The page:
Seeing Jesus in Proverbs 11:21

Posted: June 20, 2011 in Uncategorized

When reading the Old Testament one should not fail to look for Jesus running through the pages.  I am thankful for the emphasis that is being placed on seeing Christ in the pages of the Old Testament.  The church of the Lord Jesus will have a fuller understanding of redemptive history and be better able to understand the New Testament when the message of Jesus is seen to run from Genesis to Malachi and not simply from Matthew to Revelation.

Thus, when I read through the Old Testament scriptures I am constantly thinking about how this is pointing me to Jesus (while making sure not to miss the historical-grammatical authorial intent).  At the present I am reading through the Proverbs and have seen a number of verses that caused me to run straight to the cross of our Lord.  Let me mention one briefly.

Proverbs 11:21 is a good example of Hebrew parallelism.  One verse, or part of a verse, is paralleled with another.  In this instance it is a negative parallel.  The first part of verse 21 gives us the picture of the “evil person” while the second part gives us the picture of the “righteous.”  The fate of each stands in clear contrast with the other.  The “evil person will not go unpunished.  The “righteous will be delivered.  The person who is wicked will not escape judgment while the one who is righteous will be saved, or delivered, from judgment.

Now, how does this point us to Jesus?  Well, let us examine the verse.  First we see that it is the evil person who is in danger of punishment.  Immediately that should ring like bad news in our ears.  Why?  Because we know we are wicked and evil persons.  The Bible, human history, and our individual existence prove this.  The Bible teaches that sin enters the world through Adam and Eve and that all are guilty in Adam (Romans 5:12-14).  King David would teach us that even he, a man after God’s own heart (1 Samuel 13:14; Acts 13:22), was “brought forth in iniquity” and “in sin” conceived (Psalm 51:5).  The Apostle Paul would combine a few Psalms to confirm the Old Testament teaching of the depravity of man (see Romans 3).  In Romans 3:10-18 we see that “none is righteous, no, not one” (vs. 10).  In Romans 3:23 we are told that “all have sinned and fallen short of the glory of God.”  The Bible teaches clearly that mankind is wicked. Secondly, we see this in the “slaughter bench” of human history (see the philosopher Hegel).  We have been killing and mistreating each other since Cain rose up against Able.  And if you still are not convinced, take an honest look at yourself.  You have thought things, felt things, said things, and done things that you should not have done.  The evidence is clear.  We are the “evil person” of Proverbs 11:21.

So, we deserve punishment.  It is only the “offspring of the righteous” that will be saved.  And we are not naturally those offspring.  We are the children of Adam.  But look at this verse closely.  Ask first who is “the righteous”?  Well, there is only one who fits that bill, right?  There is only one who did not sin.  There is only one who was perfectly obedient in this life.  And His name is Jesus.  The Bible teaches us that it is Jesus who was “without sin” (Hebrews 4:15).  He is the “righteous one” (2 Timothy 4:8; Hebrews 10:38).  So, if Jesus is the “righteous” and it is His “offspring” that will be “delivered”, who are these people?!?  The Bible tells us that those who have turned from sin (repented) and trusted (put faith in, believed in, etc.) in Jesus alone are the children of God (Galatians 3:24-29, 4:4-7).  We now, through faith, are made righteous (Philippians 3:9) and “will be delivered.”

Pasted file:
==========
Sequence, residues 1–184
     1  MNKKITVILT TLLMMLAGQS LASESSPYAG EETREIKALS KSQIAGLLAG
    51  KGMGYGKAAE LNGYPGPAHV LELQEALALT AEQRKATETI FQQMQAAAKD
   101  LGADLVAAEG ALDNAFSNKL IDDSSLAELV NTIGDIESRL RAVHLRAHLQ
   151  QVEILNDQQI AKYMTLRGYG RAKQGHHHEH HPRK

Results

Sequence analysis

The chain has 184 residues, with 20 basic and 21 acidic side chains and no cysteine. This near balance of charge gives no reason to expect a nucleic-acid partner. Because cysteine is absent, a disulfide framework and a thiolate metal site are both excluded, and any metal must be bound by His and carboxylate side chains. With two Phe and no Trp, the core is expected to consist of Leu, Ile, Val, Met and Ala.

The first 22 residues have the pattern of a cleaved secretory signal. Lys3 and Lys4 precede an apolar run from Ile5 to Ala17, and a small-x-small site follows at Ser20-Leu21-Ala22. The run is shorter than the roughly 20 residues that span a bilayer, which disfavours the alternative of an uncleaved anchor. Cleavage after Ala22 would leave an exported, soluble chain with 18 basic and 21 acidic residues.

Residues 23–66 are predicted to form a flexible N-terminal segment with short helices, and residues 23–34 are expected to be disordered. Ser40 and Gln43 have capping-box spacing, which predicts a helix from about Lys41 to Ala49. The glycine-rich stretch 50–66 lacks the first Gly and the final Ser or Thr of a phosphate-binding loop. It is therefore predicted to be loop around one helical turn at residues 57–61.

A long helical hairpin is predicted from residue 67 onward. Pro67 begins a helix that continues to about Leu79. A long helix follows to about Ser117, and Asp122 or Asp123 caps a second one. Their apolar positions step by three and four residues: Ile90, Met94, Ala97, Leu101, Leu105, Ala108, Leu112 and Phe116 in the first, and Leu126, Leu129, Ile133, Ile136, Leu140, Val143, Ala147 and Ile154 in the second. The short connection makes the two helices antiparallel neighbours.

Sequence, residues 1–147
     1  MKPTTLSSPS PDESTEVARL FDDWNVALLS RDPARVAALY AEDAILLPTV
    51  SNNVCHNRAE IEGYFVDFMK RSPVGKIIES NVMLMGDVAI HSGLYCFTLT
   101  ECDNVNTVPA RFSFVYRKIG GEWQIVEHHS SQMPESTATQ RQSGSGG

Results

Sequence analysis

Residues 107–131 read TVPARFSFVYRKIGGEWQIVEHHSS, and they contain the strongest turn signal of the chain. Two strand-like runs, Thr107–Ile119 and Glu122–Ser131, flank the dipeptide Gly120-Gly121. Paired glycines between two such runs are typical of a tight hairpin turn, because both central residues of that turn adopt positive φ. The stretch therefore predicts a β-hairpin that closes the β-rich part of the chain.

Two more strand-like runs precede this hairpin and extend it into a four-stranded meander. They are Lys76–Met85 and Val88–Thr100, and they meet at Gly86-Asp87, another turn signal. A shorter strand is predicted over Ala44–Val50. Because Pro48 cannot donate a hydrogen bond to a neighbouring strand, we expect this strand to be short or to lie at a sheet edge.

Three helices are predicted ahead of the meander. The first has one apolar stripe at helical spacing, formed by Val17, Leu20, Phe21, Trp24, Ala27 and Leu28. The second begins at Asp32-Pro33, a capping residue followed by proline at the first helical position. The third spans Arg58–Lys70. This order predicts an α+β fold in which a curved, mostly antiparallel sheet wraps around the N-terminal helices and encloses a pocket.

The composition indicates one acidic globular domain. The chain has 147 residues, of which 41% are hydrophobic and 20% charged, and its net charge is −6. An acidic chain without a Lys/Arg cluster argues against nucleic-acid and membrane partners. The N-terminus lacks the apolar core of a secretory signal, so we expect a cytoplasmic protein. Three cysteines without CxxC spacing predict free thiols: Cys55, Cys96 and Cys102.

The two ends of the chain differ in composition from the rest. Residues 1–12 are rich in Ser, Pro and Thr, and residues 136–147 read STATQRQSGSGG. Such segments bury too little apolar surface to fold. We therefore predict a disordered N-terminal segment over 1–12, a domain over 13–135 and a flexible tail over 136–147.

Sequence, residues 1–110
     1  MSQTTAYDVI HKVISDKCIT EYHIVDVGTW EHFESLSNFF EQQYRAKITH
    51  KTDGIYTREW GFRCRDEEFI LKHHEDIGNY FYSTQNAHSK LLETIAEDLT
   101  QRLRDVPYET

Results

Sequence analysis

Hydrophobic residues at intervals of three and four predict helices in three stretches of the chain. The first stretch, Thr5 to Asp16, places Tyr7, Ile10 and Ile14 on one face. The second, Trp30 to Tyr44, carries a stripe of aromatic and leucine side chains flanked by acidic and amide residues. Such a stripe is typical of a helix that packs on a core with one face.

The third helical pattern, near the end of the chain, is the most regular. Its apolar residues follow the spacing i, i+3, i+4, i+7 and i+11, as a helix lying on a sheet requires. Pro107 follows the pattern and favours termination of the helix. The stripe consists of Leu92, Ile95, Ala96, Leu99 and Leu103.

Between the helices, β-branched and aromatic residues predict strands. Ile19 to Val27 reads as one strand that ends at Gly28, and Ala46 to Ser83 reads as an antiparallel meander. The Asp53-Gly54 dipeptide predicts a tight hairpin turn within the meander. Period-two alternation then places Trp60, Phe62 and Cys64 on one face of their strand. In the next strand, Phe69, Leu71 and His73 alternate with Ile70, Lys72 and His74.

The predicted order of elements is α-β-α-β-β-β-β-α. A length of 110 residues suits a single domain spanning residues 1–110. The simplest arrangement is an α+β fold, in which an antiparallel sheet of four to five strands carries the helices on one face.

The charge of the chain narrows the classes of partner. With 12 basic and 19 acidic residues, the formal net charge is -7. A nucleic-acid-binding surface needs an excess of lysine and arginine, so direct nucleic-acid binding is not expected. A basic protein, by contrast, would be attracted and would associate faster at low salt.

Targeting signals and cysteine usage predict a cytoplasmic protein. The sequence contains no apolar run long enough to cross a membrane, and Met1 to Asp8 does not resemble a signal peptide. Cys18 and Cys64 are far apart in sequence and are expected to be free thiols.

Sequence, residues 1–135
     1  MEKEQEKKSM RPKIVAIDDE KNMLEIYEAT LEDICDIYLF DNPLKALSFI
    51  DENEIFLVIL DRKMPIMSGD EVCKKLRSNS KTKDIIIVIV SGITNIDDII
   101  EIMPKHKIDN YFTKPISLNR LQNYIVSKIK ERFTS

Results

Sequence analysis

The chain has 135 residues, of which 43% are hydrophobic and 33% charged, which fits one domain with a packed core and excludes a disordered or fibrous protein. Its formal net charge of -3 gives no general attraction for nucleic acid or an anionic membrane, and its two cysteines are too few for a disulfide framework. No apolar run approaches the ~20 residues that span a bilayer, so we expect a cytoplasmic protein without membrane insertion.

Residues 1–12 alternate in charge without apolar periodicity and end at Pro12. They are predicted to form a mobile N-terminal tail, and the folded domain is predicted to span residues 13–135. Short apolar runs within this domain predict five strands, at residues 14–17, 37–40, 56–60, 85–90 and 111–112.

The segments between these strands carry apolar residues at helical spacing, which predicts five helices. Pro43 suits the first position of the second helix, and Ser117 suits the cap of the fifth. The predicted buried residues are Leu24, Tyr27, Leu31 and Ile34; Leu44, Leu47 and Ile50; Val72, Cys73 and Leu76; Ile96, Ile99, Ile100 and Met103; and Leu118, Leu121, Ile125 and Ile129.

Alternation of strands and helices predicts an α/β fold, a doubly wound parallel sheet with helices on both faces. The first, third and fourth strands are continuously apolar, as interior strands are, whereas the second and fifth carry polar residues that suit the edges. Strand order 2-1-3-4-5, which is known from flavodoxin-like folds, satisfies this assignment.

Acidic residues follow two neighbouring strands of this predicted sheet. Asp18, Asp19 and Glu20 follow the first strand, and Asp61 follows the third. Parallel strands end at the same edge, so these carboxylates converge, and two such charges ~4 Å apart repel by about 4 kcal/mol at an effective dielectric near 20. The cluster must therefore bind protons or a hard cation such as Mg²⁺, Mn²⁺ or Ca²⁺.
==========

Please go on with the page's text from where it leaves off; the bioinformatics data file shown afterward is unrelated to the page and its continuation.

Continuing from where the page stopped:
So even in the Proverbs we are pointed towards the coming of Jesus.  We see in this one verse, made up of two sentences, that our plight as sinners is only judgment.  We are without hope left to ourselves.  However, if we turn from sin and place our faith in Jesus we experience what theologians call the new birth (John 3).  We are now, through faith, the “offspring of the righteous”, namely, Jesus Christ, and will be saved from judgment at the last day.

How wonderful it is to know that the whole of redemptive history is meant to point us towards the work of Christ.  In the Old Testament we see our need for a Savior and we see the shadows that point towards His coming.  Then, when the new dispensation dawns and Christ comes in the flesh (John 1:14), the lights begin to come on.  Now, standing on this side of the cross and at this juncture of the church age, we have the completed canon and can now see clearly. 

So, read both the Old and New Testaments with eyes that long to see Jesus.  He sits on every page.

*Princeton theologian Benjamin Breckenridge Warfield said this about the Old Testament:  “The Old Testament is like a room that is fully furnished but dimly lit.”  He meant that although all the pieces of the puzzle were present in the Old Testament scriptures, it took the light of the New Testament to help us see them clearly.


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